The Killer NIC and Killer K1 Gaming Network Cards
A Closer Look
The Killer K1 NIC card really doesn’t have too many components on it, so let’s take a look at a few key components and examine their function. By understanding what components are used on the card one can get a better understanding of the pirce and quality of a product.
Let’s focus on the center of the card and see what the bigger components are. First lets remove the K1 sticker and see what is under it!
Under the ‘K1’ sticker we find the heart of the card, which is the MPC8349E Freescale processor. The MPC8349E PowerQUICC II Pro is an integrated communications processors developed from the older PowerQUICC II product line. Based on a system-on-chip (SoC) architecture, the MPC8349E PowerQUICC II Pro integrates the enhanced e300 core and advanced features, such as DDR memory, Dual Gigabit Ethernet, Dual PCI and Hi-Speed USB controllers. With clock speeds scaling to 667 MHz, the MPC8349E family of processors offers the highest performing PowerQUICC II devices available. The Killer NIC has a MPC8349E Freescale processor that runs at 400MHz and the Killer K1 has the same processor running at 333MHz. By looking up the above part number we found the Killer K1 to have the same part number as a 400MHz part. The above part number is MPC8343EVRAGD, with ‘AG’ being the processor frequency of 400MHz and the ‘D’ being the 266MHz platform frequency.
The slower Freescale processor on the Killer K1 will perform slightly less during game play than Killer NIC. The engineers at Bigfoot said that uers should not be able to tell the difference between the Killer K1 and Killer NIC during game play though. This is because the different speeds mainly affect FNA. People who have the Killer NIC will have more horsepower for their FNApps.
Pictured above is the Xilinx Spartan FPGA that is used for Gate-Centric Designs like the one found here on the pair of Killer NIC cards. The Xilinx Spartan FPGA is a low-cost, programmable gate array that contains Bigfoot Networks’ proprietary technology thanks to the fact that it can deliver up to 1.6 million system gates and 376 I/Os. If this part looks familiar to you don’t worry as it should be as ATI used the Xilinx Spartan FPGA on the X1900 series of video cards. Just for fun we used google to look up the price of one of the Spartan XC3S250E and found it to be $16.85 when bought individually.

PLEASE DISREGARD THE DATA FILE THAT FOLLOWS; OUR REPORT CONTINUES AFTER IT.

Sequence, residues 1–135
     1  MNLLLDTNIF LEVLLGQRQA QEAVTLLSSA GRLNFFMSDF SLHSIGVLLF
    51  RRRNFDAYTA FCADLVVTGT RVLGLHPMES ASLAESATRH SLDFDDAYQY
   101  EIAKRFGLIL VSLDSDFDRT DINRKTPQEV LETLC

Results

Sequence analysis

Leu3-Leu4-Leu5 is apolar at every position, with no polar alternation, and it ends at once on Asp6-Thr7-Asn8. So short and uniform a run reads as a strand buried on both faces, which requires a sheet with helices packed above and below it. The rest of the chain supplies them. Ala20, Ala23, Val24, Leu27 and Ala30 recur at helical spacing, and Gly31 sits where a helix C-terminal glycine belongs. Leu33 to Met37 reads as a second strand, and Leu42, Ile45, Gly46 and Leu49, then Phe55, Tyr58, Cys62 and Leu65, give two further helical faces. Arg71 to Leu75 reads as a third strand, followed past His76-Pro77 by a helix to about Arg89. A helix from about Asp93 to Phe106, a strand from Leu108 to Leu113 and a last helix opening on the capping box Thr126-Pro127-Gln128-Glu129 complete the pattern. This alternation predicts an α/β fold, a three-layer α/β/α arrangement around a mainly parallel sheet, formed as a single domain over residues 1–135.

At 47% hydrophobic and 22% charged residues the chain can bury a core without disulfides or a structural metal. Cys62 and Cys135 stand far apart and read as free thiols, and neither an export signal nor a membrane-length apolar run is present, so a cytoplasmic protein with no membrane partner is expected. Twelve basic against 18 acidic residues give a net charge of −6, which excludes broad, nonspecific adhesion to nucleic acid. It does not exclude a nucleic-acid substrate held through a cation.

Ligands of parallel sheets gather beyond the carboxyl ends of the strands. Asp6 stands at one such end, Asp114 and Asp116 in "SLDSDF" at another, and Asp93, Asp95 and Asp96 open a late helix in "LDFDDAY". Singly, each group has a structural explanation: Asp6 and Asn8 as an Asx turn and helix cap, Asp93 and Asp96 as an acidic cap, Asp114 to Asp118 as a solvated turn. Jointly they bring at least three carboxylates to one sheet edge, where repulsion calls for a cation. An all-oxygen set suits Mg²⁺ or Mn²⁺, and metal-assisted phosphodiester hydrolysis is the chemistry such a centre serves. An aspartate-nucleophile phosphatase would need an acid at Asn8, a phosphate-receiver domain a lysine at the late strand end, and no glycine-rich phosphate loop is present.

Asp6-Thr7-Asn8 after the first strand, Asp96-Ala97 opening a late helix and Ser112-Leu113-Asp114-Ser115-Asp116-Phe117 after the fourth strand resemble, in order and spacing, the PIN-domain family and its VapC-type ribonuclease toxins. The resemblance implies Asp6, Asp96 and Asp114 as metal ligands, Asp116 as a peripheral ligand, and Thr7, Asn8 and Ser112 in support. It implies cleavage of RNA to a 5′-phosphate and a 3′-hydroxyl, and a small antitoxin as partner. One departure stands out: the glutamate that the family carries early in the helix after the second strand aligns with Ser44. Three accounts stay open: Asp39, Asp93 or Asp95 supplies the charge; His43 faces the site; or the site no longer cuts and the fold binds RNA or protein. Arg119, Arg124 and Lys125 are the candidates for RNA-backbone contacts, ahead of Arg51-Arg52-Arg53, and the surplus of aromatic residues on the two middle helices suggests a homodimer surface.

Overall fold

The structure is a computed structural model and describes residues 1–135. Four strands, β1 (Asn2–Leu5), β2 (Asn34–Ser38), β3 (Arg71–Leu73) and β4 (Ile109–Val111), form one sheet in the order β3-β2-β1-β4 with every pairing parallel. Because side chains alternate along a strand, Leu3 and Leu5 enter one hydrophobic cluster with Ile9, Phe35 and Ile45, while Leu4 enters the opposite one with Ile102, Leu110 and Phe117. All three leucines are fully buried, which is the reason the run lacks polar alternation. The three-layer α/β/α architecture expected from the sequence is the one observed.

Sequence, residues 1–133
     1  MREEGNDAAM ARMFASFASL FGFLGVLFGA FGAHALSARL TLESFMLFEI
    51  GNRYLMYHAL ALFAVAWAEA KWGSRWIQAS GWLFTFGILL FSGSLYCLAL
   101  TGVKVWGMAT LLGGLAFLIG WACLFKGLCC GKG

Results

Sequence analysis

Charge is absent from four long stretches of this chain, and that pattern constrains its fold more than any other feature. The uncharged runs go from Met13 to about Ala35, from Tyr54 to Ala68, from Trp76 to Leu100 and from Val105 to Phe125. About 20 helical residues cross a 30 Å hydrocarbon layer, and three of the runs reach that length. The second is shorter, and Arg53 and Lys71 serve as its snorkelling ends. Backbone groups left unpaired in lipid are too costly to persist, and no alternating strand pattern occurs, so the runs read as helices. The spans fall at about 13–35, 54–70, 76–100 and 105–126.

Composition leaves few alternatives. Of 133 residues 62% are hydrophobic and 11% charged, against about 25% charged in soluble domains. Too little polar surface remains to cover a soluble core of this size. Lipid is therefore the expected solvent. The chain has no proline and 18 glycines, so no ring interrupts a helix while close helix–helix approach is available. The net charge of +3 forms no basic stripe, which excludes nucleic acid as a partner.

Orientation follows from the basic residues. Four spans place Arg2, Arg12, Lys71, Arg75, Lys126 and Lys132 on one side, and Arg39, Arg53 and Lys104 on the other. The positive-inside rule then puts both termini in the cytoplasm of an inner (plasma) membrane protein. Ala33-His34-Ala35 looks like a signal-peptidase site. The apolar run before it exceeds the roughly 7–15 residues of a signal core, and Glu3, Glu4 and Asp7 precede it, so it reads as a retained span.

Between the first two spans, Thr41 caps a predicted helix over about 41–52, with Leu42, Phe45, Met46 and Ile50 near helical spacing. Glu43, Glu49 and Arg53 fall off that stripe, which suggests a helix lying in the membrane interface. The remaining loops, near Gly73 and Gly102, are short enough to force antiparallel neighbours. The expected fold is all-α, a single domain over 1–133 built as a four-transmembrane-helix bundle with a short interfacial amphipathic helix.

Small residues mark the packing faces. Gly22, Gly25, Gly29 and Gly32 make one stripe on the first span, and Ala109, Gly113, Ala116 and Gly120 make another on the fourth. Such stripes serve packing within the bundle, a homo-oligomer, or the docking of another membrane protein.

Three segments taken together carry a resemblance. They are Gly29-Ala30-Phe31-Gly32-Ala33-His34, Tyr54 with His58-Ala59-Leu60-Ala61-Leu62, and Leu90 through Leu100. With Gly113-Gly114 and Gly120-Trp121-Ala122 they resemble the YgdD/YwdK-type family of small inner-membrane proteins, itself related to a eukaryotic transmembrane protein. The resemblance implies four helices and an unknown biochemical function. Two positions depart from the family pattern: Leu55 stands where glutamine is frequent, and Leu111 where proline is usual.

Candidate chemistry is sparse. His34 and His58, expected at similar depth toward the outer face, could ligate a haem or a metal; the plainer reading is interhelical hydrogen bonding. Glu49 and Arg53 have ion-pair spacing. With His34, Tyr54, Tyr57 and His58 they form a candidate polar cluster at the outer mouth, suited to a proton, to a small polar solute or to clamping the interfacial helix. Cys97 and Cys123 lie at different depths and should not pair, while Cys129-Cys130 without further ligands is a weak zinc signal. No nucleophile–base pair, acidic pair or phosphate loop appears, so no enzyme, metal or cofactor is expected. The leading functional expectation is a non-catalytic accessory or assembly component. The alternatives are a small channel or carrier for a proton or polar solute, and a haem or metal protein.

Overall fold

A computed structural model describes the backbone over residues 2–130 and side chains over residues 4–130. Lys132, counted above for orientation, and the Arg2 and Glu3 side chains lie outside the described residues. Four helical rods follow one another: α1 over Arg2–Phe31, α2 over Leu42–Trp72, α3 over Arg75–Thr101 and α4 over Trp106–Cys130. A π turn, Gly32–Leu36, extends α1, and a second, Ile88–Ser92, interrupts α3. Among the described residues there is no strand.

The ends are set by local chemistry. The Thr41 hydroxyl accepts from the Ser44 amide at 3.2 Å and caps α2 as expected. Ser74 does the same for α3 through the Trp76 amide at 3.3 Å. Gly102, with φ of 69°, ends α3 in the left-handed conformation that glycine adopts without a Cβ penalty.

The Broadcom BCM5461 Digital Signal Processor enables the Killer NIC cards a way to drive the delivery of Gigabit Ethernet bandwidth to the desktop. The BCM5461’s Digital Signal Processor based architecture and advanced power management techniques combine to achieve robust and low power operation over the existing CAT 5 twisted pair wiring. The BCM5421 architecture not only meets the requirements of 802.3, 802.3u, and 802.3ab, but maintains the industry’s highest level of margin over IEEE requirements for Echo, NEXT, and FEXT. The BCM5461 has the industry’s lowest power consumption rating at less than 700 mW per port. For NIC applications, support for Wake on LAN enables compliance with PCI 2.2 and PC99/PC2000. In addition, the BCM5461 has extremely low EMI emissions, which reduces the design constraints required to meet EMI emissions specifications. All said and done the Broadcom BCM5461 Digital Signal Processor looks like a great choice for the Killer NIC family of products.
The Spansion he S29GLxxxA family of devices are 3.0 V single power Flash memory manufactured using 200 nm MirrorBit technology. The S29GL064A is a 64 Mb device organized as 4,194,304 words or 8,388,608 bytes. The Spansion flash memory module can be programmed either in the host system or in standard EPROM programmers. The driver/firmware updates that are done on the Killer NIC and Killer K1 all take place on this piece of memory.
The 64mb of onboard memory is handled by a pair of Micron Technology memory IC’s with the FBGA number of D9DWJ, which can be decoded to find their true part number of which is MT46V16M16BG-6:F. After looking up the part number it was easily found out that these are 256Mb DDR1 SDRAM parts that are rated to run at 333MHz with at CAS Latency of 2.5 when operated at 2.5V.
All said and done it looks like all of the components that are used on the Bigfoot Networks Killer NIC series of products are readily available on the market today.